Grandma’s Chicken Soup and Kneidlach Recipe

Here is my 81-year-old grandmother’s recipe for chicken soup and kneidlach, aka matzah balls, which research has already proven to cure everything from colds to gout to high gas prices. I’m substituting vegetable oil for shmaltz, but otherwise it’s the same recipe. It’s still really simple and really good – comfort food at its finest.
Soup Ingredients:

One large chicken
2 lbs. carrots, chopped
1 lb. celery, chopped
salt and pepper
extra chicken stock

Preparing the soup:

Fill large pot w/ about two gallons of water. Bring to a boil, add chicken and about half of the carrots and all of the celery to the pot. Lower heat to a simmer, let cook for about 45 minutes. Carefully remove chicken and place on cutting board, let cool for a few minutes.

Meanwhile, scoop up enough boiled carrots and celery and place them into a blender. Fill blender about two-thirds of the way up. Puree vegetables, then return the blend to the pot.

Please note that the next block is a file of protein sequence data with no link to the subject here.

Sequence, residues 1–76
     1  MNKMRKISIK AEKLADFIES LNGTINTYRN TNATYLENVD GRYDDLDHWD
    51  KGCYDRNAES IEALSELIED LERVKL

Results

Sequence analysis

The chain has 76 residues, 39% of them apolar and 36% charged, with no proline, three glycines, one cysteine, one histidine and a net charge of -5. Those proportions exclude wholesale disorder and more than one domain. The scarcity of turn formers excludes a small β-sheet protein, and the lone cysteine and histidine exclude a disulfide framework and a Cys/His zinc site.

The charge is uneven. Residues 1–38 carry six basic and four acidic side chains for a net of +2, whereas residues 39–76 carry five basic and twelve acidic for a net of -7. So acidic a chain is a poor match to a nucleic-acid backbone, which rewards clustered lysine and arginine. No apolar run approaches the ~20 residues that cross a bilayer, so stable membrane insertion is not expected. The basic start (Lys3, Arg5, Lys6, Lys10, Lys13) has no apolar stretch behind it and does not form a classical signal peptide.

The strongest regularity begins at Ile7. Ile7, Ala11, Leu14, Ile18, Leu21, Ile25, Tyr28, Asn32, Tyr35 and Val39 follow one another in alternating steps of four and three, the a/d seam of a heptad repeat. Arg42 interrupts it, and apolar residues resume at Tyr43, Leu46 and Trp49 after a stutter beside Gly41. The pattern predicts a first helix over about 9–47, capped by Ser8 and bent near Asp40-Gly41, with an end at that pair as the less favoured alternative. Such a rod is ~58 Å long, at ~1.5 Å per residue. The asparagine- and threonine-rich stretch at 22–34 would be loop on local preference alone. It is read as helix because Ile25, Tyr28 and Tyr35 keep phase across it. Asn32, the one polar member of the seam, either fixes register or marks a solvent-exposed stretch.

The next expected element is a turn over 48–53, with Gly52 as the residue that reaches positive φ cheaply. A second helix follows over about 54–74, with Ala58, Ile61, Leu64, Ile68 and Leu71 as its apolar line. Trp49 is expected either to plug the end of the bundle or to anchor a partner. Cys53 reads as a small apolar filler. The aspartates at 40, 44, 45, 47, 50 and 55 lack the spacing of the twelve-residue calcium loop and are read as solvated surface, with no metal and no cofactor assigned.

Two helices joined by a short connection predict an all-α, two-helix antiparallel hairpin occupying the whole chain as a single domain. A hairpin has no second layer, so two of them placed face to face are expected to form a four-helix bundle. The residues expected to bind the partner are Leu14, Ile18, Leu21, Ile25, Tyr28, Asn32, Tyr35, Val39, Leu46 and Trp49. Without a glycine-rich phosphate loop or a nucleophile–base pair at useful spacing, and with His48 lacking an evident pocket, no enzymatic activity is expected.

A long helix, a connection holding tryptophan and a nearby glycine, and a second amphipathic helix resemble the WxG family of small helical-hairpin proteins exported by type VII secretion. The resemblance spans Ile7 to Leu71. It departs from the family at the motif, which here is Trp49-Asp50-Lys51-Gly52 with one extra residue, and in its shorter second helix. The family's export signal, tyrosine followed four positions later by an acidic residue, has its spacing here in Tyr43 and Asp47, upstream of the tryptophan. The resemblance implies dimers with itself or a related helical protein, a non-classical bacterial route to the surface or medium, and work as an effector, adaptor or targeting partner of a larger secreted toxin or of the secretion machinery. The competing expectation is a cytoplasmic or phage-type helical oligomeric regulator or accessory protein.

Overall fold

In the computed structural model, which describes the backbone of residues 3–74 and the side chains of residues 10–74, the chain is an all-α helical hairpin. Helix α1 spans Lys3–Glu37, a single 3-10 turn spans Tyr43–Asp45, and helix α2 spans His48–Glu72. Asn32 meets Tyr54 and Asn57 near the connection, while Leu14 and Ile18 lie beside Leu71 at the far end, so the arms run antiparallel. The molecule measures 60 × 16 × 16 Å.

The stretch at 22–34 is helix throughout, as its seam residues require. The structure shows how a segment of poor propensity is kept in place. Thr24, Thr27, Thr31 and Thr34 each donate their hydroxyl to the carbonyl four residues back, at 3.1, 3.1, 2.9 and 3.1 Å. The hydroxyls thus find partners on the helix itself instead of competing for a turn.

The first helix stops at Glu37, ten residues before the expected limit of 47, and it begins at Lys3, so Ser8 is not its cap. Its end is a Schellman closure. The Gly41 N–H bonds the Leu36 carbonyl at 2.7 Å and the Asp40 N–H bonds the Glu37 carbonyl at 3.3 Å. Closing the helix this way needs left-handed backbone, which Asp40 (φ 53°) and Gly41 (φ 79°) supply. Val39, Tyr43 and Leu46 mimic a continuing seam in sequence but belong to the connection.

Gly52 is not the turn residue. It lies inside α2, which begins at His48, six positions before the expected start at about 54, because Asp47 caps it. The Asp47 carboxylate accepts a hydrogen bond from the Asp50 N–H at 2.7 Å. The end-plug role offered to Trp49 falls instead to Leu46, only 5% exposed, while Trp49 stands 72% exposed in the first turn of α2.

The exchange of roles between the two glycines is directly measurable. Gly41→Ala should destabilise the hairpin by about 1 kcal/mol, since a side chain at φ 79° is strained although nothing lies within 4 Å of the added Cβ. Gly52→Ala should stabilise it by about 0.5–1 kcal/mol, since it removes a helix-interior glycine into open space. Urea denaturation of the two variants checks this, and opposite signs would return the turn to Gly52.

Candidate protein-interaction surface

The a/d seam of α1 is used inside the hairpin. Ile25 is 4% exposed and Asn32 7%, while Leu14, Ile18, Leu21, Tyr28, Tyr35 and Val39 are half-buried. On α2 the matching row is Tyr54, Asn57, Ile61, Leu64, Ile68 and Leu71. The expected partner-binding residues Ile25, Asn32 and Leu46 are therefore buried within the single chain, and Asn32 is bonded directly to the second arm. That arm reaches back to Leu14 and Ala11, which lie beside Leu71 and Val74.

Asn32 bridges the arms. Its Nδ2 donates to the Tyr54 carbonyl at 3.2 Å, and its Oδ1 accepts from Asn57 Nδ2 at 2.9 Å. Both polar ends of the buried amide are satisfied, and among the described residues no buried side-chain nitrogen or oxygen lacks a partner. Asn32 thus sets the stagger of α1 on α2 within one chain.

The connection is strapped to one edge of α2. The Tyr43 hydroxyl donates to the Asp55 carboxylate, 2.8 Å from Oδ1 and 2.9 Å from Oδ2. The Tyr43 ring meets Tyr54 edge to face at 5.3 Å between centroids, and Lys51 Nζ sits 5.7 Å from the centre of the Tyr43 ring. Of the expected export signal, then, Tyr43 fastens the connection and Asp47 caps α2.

Debone chicken and chop up large chunks of meat. Return chicken and large bones to pot, discard smaller bones. Add remaining carrots. Simmer for another hour, adding extra stock as water level drops. Salt and pepper to taste.

Kneidlach Ingredients

one cup matzah meal
one tablespoon light oil
four eggs, separated
salt and pepper

Preparing the kneidlach:

Whip up the whites of the four eggs until they become frothy (the more you whip, the fluffier your kneidlach will be). Add oil and egg yolks, whip some more. Incorporate matzah meal and one teaspoon of salt and pepper each. If you like firm kneidlach, place the batter in a refrigerator for about 20-30 minutes. If you like them really light (floaters), skip the fridge and go to the next step.

Scoop a small sample of mixture (less than a teaspoon) and drop into boiling water or soup. After several minutes, remove the test kneidlach and taste. Add more salt and pepper to the entire mixture, if desired. Or, if you trust my recipe, skip the test and move on.

To make the kneidlach, wet your hands with water to keep your fingers from sticking. Then, make matzah balls about one inch in diameter by rolling a scoops of mixture in your hands. Drop balls into liquid, then cook for at least 30 minutes. The kneidlach should double in size if all goes well.

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